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Spate of 3-D movies lacks depth

Width or depth? As the Hollywood studios did not know what the public would respond to in the cinema as television started to encroach, they backed both ideas: wide-screen and three-dimensional imaging. We know now the outcome. The world was not ready for stereoscopy. The burst of 3-D production was brief—it was all over in a couple of years and those films that have continued in distribution are now seen in flat versions, except for occasional special presentations.
        Although United Artists—which had only just returned to colour film production in 1950 after a 13-year gap—was first in the field with Bwana Devil, it was Columbia that produced most 3-D feature films, with six in 1953. Universal was the last to exit the 3-D world, with the only 1955 release, the forgotten black and white Revenge of the Creature sequel to The Creature from the Black Lagoon (1954). The Creature Walks Among Us (1956) had no third dimension (and some may wonder what it had in the remaining two).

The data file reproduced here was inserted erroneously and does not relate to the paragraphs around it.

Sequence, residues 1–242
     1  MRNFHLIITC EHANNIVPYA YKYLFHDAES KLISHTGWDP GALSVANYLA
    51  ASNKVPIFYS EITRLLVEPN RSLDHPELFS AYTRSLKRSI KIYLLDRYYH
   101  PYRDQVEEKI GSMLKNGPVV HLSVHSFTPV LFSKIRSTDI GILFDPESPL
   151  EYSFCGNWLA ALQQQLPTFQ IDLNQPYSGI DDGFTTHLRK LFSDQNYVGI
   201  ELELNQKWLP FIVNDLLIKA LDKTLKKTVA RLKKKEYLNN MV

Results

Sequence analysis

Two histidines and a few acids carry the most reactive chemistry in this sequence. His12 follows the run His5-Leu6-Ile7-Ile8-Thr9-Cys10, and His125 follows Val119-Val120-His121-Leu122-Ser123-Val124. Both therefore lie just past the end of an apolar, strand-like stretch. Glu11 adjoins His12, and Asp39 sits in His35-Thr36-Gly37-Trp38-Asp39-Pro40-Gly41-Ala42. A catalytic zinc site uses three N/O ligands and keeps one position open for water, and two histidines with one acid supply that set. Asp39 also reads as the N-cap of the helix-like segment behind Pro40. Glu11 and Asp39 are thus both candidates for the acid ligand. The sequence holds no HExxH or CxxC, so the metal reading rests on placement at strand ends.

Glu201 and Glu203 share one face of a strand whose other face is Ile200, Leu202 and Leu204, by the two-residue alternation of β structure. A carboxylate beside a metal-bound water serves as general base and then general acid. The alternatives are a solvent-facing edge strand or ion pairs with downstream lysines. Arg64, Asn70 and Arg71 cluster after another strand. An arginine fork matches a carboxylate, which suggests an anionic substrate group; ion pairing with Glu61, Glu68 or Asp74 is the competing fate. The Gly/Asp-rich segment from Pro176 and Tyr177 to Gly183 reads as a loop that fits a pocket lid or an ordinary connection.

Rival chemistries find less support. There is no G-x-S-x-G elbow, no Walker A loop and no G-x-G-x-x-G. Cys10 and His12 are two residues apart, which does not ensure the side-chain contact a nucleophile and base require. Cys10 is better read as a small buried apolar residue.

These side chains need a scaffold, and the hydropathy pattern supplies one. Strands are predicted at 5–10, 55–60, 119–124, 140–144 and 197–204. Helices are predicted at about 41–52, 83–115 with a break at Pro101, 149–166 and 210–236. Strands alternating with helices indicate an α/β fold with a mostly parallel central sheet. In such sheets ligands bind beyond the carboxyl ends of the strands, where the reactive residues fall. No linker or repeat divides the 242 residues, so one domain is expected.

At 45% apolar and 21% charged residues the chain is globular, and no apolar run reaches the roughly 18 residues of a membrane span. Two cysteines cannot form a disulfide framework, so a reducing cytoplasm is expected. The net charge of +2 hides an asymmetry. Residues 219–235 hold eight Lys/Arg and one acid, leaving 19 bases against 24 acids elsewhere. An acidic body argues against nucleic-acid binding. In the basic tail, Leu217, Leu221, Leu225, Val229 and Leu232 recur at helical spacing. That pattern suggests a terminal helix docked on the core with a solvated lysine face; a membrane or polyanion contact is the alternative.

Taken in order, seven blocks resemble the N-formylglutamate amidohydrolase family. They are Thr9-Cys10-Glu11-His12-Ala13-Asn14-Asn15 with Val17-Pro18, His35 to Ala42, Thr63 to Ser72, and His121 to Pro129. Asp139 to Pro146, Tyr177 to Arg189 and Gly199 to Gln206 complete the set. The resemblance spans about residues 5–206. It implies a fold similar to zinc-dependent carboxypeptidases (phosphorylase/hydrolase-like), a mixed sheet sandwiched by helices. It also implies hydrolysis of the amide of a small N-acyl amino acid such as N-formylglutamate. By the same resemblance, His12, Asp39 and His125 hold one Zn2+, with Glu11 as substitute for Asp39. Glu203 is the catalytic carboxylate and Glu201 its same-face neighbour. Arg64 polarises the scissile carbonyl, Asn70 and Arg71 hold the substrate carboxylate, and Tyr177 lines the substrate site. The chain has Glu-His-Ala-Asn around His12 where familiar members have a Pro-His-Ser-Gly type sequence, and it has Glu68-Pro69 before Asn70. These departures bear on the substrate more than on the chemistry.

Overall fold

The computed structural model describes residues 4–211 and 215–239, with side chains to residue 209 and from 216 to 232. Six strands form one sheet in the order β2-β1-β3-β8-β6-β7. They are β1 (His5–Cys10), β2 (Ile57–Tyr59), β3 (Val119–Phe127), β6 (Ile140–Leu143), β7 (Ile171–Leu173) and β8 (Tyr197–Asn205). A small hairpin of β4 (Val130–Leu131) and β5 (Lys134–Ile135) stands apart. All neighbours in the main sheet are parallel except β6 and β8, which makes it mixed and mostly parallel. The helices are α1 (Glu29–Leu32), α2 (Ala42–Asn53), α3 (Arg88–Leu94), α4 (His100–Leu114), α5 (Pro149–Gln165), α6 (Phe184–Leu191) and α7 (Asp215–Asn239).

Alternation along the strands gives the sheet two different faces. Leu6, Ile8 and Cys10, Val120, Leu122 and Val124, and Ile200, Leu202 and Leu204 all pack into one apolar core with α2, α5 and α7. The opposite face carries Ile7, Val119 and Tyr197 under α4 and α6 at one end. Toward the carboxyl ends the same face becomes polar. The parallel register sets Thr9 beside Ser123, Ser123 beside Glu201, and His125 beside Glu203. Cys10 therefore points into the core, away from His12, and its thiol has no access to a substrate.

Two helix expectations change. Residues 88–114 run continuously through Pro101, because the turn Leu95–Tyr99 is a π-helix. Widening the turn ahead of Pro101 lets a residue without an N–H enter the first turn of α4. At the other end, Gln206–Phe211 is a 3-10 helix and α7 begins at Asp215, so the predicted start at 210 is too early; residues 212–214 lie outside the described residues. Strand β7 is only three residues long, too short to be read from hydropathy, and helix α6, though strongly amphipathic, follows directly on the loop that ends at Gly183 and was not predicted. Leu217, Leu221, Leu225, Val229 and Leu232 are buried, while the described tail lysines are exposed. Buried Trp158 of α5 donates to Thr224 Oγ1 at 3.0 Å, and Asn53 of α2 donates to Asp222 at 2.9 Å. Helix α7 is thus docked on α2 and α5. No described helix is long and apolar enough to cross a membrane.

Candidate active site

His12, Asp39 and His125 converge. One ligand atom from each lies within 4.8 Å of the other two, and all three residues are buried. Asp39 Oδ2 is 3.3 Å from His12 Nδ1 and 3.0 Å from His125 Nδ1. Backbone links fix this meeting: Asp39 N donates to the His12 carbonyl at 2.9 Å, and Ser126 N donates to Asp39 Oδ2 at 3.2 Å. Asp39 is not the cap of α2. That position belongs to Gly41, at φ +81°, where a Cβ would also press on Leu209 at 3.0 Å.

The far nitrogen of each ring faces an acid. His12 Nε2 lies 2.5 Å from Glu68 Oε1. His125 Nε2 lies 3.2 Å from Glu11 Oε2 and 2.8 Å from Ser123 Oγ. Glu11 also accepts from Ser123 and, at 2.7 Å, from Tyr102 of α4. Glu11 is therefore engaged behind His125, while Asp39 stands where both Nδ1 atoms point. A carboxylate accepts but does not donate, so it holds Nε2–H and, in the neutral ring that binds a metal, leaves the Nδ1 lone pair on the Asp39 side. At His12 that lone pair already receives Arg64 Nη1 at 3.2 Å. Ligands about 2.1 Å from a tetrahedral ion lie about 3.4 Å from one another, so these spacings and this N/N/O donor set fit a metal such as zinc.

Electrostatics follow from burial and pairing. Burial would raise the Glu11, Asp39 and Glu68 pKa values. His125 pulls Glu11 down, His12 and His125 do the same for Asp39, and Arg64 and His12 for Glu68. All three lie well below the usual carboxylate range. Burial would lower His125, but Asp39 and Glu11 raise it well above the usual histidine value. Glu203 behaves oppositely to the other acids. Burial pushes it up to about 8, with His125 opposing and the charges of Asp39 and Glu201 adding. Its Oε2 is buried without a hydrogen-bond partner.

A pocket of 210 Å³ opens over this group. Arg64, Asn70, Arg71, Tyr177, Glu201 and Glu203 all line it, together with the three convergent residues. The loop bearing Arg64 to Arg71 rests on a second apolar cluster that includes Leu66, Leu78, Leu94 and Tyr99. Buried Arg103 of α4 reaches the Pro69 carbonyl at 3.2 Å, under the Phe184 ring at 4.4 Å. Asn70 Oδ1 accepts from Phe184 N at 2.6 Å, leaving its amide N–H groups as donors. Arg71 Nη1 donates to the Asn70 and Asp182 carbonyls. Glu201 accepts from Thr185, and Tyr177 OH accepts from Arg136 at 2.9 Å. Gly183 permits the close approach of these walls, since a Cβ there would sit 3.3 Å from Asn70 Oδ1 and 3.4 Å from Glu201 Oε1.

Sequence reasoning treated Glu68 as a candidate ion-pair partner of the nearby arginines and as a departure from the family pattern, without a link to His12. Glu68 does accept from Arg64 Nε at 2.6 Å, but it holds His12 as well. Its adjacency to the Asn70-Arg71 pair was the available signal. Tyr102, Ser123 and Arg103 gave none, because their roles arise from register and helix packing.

Majors' 3-D film releases

Source of data: Joel W Finler: The Hollywood Story, 1988

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David Fisher